Going out for daily booze-ups is expensive. I have a solution.

FEATURE by Paul Dechene

I am a firm believer in the importance of “third spaces.” This is the idea that for society to work, people need to have more than just home (the first space) and work (the second space) in their lives. They need a third space where they can gather informally with other people. A church, a union hall, a sportsplex, community centre, theatre, rock bar or tavern: the third space is where community forms. Home provides security for the family and individual. Work is for the business of the economy. But the third space is where everything else worth doing happens.

And there’s a school of thought that says every great idea first took root in a third space — that without third spaces, society flies apart.

Now maybe you see some sense in all this. Or maybe you’ll call bullshit, say this is an elaborate house of cards built of urban planning buzzwords I’ve erected to justify my fondness for drinking beer in downtown pubs and talking nonsense with friends.

Ha! You’ve found me out! Let’s saddle up to the bar so I can buy you a pint. Of course, in doing so I’ll highlight an issue of grave concern that threatens to rip the fabric of our society apart: that my preferred third space is expensive to inhabit.

Being a regular in a Prairie tavern is expensive work in the 21st Century, what with our predilection for luxury taxes and over-tipping. And seeing as our Puritan-in-Chief Harper isn’t likely to bring forth a budget that includes a monthly universal booze benefit to help offset the rise in the cost of drunker living, looks like I’m going to have to scale back my downtown drinking dreams (a bit) and start tippling at home. There’s no way around it.

“But you could find a new preoccupation. Move to a more wholesome third space,” you protest. “Take up a sport. Run for office. Find religion.”

Shhhhh. This article (as assigned) is about finding ways to drink alcohol for cheap. Put down your bible and your ball. Here are some options for how to transform home — the first space — into a third space.

THE COCKTAIL PARTY When inviting people over to one’s home for a one-off drinking event it is important to choose the right adjective to precede the word “party.” Consider that you can only use “birthday” once a year and when you do you’ll be subjected to embarrassing songs, presents you may not want and the bumps. Also, putting “bush” or “house” before the word “party” implies a level of debauchery and environmental destruction you may not want to encourage. A cocktail party on the other hand carries with it an element of sophistication without downplaying the idea of alcohol consumption.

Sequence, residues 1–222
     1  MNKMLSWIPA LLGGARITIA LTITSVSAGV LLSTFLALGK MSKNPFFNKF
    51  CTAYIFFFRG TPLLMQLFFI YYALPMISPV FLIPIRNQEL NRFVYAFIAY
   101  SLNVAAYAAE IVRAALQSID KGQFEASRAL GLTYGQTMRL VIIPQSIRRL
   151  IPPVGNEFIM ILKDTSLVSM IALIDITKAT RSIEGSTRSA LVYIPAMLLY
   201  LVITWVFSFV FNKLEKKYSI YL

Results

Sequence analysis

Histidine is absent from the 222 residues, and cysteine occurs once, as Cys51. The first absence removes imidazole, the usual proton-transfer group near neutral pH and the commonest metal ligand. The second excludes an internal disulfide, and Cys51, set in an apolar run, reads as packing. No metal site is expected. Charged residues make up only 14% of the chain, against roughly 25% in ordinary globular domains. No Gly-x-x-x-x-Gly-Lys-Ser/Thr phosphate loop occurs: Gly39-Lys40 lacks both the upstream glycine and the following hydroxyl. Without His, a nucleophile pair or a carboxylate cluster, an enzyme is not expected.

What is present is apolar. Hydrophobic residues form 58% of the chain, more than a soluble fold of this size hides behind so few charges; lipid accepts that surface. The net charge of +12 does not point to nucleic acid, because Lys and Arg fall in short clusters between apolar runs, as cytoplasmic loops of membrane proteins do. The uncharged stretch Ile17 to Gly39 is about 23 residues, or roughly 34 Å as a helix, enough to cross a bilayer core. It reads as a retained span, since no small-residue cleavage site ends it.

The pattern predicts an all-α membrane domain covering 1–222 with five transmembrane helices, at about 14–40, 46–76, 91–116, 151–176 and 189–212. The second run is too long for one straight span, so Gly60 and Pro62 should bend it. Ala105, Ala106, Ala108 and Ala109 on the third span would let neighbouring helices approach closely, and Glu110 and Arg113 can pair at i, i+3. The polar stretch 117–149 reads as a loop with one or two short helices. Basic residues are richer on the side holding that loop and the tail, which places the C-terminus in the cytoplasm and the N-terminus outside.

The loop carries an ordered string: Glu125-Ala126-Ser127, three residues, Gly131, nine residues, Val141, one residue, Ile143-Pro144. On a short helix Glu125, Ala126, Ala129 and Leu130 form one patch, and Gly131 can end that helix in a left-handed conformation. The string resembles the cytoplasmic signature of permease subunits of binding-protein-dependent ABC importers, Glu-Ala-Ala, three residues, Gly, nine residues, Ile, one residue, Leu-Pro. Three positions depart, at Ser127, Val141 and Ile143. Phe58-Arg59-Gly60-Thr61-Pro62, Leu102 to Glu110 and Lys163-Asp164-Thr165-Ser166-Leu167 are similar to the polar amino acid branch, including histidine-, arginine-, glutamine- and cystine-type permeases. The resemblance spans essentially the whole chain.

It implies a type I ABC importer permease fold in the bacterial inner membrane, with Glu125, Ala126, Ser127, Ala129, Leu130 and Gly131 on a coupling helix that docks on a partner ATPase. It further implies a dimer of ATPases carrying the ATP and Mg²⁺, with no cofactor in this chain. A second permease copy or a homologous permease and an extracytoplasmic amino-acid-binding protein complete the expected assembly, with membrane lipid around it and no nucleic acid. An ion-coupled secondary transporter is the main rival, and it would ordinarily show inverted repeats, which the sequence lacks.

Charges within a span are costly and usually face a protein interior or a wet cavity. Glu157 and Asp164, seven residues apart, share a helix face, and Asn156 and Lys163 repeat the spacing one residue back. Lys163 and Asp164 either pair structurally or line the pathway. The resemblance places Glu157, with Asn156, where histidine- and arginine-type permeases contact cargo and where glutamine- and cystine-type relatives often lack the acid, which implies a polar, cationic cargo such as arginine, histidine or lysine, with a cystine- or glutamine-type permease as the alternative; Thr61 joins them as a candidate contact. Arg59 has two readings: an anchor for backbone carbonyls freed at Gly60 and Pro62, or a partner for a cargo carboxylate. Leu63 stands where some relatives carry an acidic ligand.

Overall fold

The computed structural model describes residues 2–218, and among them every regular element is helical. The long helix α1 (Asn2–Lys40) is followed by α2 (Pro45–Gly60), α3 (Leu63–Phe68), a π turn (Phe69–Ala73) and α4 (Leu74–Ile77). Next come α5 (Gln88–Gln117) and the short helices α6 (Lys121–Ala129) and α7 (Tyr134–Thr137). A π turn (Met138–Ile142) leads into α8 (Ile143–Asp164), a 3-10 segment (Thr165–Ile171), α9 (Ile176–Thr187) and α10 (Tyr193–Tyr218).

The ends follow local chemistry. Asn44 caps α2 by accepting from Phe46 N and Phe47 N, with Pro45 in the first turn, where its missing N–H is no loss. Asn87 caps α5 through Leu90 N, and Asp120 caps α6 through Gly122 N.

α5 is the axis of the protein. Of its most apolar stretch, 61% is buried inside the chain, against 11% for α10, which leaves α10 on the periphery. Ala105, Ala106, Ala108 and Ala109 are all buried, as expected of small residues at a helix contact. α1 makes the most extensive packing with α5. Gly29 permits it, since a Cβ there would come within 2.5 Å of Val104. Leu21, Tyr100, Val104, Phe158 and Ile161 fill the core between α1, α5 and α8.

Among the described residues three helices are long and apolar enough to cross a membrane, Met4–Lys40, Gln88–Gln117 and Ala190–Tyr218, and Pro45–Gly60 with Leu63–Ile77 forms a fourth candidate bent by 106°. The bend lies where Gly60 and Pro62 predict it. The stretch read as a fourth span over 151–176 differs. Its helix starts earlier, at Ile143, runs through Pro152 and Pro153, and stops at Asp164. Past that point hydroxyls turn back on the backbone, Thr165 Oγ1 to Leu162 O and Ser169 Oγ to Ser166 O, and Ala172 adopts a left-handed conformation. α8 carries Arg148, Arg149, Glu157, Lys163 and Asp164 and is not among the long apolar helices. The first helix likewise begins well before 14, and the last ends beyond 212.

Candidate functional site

THE TASTING This is a really just an excuse for a powerful bender veiled behind a layer of pretence so snobbish as to be almost unbearable. “Oh no, we’re not getting drunk. We’re exploring the marvellous diversity of fermentory craft.” Pfooui. It’s a piss-up passing as critique. But whatever. Fill your boots. And keep in mind that while tastings are traditionally limited to classy splashes like wine or scotch, there are far more alcohols to be sampled and mused over than that. Beer, gin, rum, tequila, etcetera — if there are more than a couple brands available at your neighbourhood SLGA, you can find an excuse to have people over to cluck their tongues and discuss the cherry notes and the peaty undertones to the flavour profile. If that’s your thing.

THE GAMES NIGHT Booze plus board games. It really doesn’t require more explanation than that.

THE SALON Booze plus poetry readings. Because… people like that?

THE HOUSE SHOW Regina has lately seen an upsurge in the number of music venues around town. Leopold’s, The Capitol, and the Fat Badger are just a few of the new places local bands entertain crowds. But even with all these, there are always more bands itching to play for a crowd — no matter how small — than there are stages. And if Leopold’s can fit a country band, so can your living room.

THE SPEAKEASY Let’s say you’ve always wanted to run your own pub but don’t want to go through all the trouble of getting “permits” and “licenses.” There’s really nothing stopping you from turning your home bar into the neighbourhood gin joint except, you know, “the laws.” If you choose to go this route, consider instituting a password system and getting one of those doors with a peephole. That will maximize your Prohibition-era fun and minimize the odds you’ll get shut down by the local flatfoot.